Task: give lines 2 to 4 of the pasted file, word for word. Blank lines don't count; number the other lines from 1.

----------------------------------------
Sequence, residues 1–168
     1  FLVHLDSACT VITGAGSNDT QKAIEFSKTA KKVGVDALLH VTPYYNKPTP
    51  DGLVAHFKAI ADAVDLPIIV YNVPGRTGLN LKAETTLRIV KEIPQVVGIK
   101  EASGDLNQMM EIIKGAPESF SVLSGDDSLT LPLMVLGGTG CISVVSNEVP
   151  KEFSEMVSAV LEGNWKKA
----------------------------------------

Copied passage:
     1  FLVHLDSACT VITGAGSNDT QKAIEFSKTA KKVGVDALLH VTPYYNKPTP
    51  DGLVAHFKAI ADAVDLPIIV YNVPGRTGLN LKAETTLRIV KEIPQVVGIK
   101  EASGDLNQMM EIIKGAPESF SVLSGDDSLT LPLMVLGGTG CISVVSNEVP